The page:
Key Republican opponents of the new START treaty were somber and somewhat bitter in a mid-morning press conference today. Before John Kyl and seven more Republican "nos" took the stage, Tennessee's Lamar Alexander and Georgia's Johnny Isakson announced that they would support the treaty. Vote counters in the press corps determined that this meant the treaty would have enough votes to survive a vote today and a final vote, probably, tomorrow. So the senators' focus was not on vote-counting. It was on the injustice of this coming to a vote at all. When asked whether he had the votes to delay the treaty and kick it into 2011, Kyl did not say yes.
"I honestly don't know what my colleagues are going to do," Kyl said. Subtext: The votes aren't there and the momentum is against opponents.
Lindsey Graham, who had been inclined to support the treaty, but said it was impossible to get past the fact that "we have never approved a treaty in a lame duck session." It was unfair to new senators. "Every one of them signed a letter and said we want to be part of this debate. And here we are! The week of Christmas!"
Also, the process was unfair to Kyl. "Let it be said that you did your best to make this treaty better," said Graham. "You deserved better." It was basically a political eulogy for Kyl's strategy, and the GOP whip stood to the side clasping his hands as more senators tried to avoid admitting that the fight was basically over.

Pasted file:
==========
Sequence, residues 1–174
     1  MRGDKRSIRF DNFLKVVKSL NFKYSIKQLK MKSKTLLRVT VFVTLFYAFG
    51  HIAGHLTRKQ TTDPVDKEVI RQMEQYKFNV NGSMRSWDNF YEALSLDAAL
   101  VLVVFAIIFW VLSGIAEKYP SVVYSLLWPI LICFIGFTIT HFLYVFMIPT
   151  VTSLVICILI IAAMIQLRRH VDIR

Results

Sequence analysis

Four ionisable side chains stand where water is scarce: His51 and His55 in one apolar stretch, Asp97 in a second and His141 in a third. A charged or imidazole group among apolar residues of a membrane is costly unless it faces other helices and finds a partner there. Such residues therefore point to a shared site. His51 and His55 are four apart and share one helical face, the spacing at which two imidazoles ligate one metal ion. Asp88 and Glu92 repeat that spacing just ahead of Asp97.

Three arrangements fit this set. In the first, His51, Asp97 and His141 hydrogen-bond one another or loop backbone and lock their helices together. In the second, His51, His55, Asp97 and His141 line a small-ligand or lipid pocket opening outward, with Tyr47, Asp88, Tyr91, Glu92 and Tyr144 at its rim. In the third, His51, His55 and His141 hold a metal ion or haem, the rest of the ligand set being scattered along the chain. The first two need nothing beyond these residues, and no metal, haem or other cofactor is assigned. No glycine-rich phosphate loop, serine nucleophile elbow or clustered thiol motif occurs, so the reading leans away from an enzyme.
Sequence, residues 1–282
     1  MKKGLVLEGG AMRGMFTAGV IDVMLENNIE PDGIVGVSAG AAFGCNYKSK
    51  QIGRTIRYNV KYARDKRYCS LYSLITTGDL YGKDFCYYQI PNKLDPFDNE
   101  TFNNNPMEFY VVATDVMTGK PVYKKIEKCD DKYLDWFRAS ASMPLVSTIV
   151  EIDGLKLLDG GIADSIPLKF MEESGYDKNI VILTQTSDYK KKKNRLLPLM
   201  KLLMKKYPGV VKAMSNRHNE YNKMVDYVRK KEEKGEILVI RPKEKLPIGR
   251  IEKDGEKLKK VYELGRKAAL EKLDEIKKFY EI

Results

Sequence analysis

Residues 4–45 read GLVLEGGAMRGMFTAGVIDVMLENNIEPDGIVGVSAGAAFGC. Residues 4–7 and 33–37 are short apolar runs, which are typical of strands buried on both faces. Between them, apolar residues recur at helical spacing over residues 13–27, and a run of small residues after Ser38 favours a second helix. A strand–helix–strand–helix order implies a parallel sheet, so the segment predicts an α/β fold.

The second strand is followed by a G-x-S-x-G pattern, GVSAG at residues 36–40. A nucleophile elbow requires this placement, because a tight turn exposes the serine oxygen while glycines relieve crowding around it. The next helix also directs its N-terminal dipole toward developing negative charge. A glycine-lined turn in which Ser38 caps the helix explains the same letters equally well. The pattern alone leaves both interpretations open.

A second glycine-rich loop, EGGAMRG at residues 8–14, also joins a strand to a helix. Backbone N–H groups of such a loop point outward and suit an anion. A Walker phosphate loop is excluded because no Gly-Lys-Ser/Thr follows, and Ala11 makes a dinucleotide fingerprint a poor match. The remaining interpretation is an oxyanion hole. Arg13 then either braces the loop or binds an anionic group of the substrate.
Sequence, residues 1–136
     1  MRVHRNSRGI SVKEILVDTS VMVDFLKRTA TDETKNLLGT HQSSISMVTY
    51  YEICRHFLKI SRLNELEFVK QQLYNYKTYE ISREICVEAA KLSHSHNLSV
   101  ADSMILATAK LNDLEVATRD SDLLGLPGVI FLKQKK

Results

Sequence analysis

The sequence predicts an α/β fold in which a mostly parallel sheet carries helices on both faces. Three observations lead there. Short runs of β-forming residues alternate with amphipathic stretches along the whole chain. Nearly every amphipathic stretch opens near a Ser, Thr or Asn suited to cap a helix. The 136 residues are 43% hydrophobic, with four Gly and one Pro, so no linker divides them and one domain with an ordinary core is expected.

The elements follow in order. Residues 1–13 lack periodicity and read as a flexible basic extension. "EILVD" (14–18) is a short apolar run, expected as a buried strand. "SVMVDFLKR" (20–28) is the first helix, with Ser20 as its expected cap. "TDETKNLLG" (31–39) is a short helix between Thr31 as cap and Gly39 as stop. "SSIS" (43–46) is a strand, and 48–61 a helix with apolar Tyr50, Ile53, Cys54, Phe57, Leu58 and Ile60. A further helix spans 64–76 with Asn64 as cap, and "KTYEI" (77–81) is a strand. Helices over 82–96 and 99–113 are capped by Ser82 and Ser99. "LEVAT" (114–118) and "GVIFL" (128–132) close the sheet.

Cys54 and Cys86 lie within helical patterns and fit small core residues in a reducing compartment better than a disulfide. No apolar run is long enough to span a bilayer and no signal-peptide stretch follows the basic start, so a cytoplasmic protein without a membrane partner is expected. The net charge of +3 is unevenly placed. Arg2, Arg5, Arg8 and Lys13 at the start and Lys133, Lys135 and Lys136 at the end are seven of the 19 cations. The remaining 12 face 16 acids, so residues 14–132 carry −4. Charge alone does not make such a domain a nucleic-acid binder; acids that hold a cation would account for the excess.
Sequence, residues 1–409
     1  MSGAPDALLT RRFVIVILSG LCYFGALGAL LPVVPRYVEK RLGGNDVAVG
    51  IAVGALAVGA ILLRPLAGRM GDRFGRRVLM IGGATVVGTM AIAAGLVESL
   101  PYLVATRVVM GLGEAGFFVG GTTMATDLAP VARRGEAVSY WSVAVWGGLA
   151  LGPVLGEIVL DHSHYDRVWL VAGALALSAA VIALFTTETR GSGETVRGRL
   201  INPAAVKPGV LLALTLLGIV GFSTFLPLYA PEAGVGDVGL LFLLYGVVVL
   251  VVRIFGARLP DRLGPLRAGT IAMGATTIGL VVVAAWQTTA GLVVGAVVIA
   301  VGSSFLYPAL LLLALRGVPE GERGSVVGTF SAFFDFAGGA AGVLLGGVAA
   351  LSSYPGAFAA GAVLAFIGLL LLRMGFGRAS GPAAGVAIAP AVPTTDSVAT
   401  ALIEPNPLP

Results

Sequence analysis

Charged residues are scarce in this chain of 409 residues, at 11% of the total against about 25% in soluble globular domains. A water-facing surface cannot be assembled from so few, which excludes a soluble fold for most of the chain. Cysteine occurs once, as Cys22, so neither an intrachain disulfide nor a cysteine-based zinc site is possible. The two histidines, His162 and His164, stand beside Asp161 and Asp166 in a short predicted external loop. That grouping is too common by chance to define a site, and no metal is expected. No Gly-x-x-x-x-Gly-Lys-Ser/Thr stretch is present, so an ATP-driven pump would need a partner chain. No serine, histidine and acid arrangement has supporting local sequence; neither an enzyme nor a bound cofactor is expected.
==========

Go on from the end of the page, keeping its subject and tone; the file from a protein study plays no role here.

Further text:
"The fact that we're doing this under the cover of Christmas as our backstop, with a lame duck Congress that has just been thrown out, is an outrage," said Sen. Jim DeMint, who unlike his senior senator had never supported START. "We are just outraged out. That's something I heard somebody say last week."
Alabama's Jeff Sessions, who was not seen as a gettable vote for the treaty, circled back to the GOP's arguments about missile defense and the weakness of President Obama. "When you have a fundamental philosophy that we should go to zero nuclear weapons in the world," said Sessions, "you are not going to be effective in negotiations." John Thune, the only Republican at the presser who's seen as a possible 2012 presidential candidate, took the same tack. START was getting a vote now, he said, because the administration wanted a win.
Orrin Hatch's appearance might have been the most interesting. "I have to withdraw my support for something I would really like to support," he said. But Hatch, who could face a primary challenge in 2012, thought it was unfair to let departing or defeated members vote on the treaty. "Denying the bipartisan group of new senators a vote on this treaty," said Hatch, " is, in my opinion, morally wrong." One of those senators voting aye but being replaced by a START critic is, of course, Hatch's colleague Bob Bennett.
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